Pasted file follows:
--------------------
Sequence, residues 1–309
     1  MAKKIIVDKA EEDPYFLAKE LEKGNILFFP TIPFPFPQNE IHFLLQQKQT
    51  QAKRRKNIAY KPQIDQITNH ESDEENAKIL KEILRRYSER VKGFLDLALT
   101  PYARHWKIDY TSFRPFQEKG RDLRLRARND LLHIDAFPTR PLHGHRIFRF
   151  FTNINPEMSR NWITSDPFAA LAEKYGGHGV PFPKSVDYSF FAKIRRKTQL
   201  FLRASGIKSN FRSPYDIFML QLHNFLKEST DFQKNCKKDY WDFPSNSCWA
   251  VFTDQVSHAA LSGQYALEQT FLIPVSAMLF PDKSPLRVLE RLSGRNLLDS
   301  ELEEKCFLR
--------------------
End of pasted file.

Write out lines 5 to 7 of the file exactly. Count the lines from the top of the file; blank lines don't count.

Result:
   151  FTNINPEMSR NWITSDPFAA LAEKYGGHGV PFPKSVDYSF FAKIRRKTQL
   201  FLRASGIKSN FRSPYDIFML QLHNFLKEST DFQKNCKKDY WDFPSNSCWA
   251  VFTDQVSHAA LSGQYALEQT FLIPVSAMLF PDKSPLRVLE RLSGRNLLDS